January 19, 2020

By Dr. Elizabeth Allan, StopHazing Principal

picture of Dr. Allan speaking at a lectern

Shifting gears amidst the pandemic brought many challenges but also some unexpected opportunities. Among these, for StopHazing, was reallocating resources that would ordinarily be allocated to conference travel and redirecting them toward improvements to our website, www.stophazing.org. While the site redesign project was on our “to do” list, lack of adequate time and funding were major obstacles to getting the job done. With the shift to virtual environments, we could continue sharing research at scholarly and professional conferences while also investing time and energy toward updating stophazing.org as the public face of our research. 

The process of reviewing, rethinking, and updating the materials for the site was not without challenges, yet it also brought some unexpected opportunities. For example, taking time to reflect on the history and evolution of StopHazing as both a website and more recently, an organization, was illuminating. It has been more than two decades since StopHazing.org was the first website to provide information about hazing and its prevention. Back then, it was truly a “kitchen table” project with my partner providing the technical expertise to build the site and me providing content, all while our infant was sitting in the baby carrier or rocking in the baby swing nearby. While I was a doctoral student at the time, the content was largely based on material developed in the few years preceding when I was a full-time campus professional working in student activities and fraternity and sorority life. During those early years, I learned about the realities of student hazing by working with students experiencing it and from mentors including Eileen Stevens who lost her son, Chuck Stenzel, in a fraternity hazing incident at Alfred University and subsequently led the effort to get the first state law passed to prohibit hazing. Journalist and author, Hank Nuwer, wrote about Eileen’s experience in the book Broken Pledges which later became a TV movie. I was fortunate enough to meet and work with both Hank and Eileen during those years as they blazed a trail for drawing public attention to hazing and developing mechanisms, like state laws, to deter and provide more accountability for the harms experienced from hazing.  

Fast forward. We’ve come a long way since the initial launch of stophazing.org back in the late 1990s. So many folks have, and are, contributing to the study of hazing and the practice of its prevention. While we’ve made many updates to stophazing.org since its founding, this redesign feels different. The new site reflects a number of shifts emblematic of growth, not only of StopHazing as an entity but also in the development of a field of study and practice. For example, while we have retained our name, we are working to more clearly communicate the behaviors we want to see – that is, the goal is not simply to end hazing but to replace it with positive behaviors, and environments that do more to cultivate a sense of belonging, inclusive leadership, and support of well-being for all students. Related to campus, school, and organizational environments, we are encouraged to see increasing recognition of the interconnectedness between hazing and other forms of interpersonal violence and larger systems of power operating in broader society and we are excited to be on the cutting edge of that work. Also, a new section of the site describes the StopHazing Research Lab and reflects a broader shift in understanding and valuing of research-informed practice.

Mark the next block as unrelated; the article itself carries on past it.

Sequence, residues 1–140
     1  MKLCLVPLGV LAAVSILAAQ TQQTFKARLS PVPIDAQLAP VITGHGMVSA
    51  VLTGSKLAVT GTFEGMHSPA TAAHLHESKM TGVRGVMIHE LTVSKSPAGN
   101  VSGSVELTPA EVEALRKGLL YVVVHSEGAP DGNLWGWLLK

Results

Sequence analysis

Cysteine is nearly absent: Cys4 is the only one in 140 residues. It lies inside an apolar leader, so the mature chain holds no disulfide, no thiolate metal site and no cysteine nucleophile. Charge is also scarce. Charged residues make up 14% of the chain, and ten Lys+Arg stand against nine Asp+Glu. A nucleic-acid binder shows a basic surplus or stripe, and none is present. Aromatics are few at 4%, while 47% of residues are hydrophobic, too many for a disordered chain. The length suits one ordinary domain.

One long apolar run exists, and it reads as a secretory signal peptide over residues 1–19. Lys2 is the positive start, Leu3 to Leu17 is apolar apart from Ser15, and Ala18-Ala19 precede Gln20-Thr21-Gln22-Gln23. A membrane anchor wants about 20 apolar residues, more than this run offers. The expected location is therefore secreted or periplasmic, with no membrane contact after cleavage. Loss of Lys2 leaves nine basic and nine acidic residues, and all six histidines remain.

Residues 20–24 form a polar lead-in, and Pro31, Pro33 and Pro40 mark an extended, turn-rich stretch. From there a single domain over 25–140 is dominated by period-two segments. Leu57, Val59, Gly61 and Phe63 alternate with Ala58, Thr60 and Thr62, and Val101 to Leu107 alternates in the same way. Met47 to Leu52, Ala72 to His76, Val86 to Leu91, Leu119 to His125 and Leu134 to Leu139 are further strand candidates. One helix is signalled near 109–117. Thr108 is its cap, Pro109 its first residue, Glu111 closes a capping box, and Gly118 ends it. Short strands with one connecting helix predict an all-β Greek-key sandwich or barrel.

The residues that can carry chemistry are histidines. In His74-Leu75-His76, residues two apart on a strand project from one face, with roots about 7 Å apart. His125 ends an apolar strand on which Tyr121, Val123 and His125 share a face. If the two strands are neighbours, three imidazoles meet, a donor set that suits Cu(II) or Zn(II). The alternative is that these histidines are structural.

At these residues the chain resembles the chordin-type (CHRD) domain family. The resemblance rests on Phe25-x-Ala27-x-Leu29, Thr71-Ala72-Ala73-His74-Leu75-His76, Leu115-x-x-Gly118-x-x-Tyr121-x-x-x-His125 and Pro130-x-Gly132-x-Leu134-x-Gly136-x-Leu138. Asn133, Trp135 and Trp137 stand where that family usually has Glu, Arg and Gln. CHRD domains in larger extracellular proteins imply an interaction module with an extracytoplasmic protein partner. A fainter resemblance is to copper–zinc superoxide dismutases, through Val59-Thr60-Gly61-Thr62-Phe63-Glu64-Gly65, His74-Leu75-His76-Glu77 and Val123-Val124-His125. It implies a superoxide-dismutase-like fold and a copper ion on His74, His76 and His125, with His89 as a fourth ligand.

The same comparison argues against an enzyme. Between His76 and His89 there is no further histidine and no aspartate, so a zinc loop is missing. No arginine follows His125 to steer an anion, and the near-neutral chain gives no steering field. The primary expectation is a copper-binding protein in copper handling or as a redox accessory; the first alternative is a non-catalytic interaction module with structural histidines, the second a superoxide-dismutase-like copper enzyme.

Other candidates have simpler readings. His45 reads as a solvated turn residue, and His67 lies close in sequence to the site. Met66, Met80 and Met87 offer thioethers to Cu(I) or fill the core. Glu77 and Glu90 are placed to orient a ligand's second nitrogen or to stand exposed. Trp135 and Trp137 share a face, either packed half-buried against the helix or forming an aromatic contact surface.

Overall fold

The Clery Center and Soteria Solutions have been instrumental in collaborating with us to build practical resources that are grounded in research and the Harbor Institute’s expertise in many areas including cultural competence are also reflected in our resources. And the University of Maine, my professional home, has supported the research and related work in innumerable ways including participating in the first cohort of the Hazing Prevention Consortium. While new features reflect the growth and development of the field, it’s worth noting that we retained some foundational aspects of the original site that remain relevant even today. For example, defining hazing and describing why it needs to be prevented, and providing alternatives for building group cohesion and team unity have always been a part of the site and continue to be central. As we launched the new stophazing.org site last week and reflect on distance traveled, we are also excited for the journey before us. We hope you find a moment to explore the site and revisit in the weeks and months ahead as we continue adding research-informed resources in the service of our mission to promote safe and inclusive campus, school, and organizational environments where all members can thrive.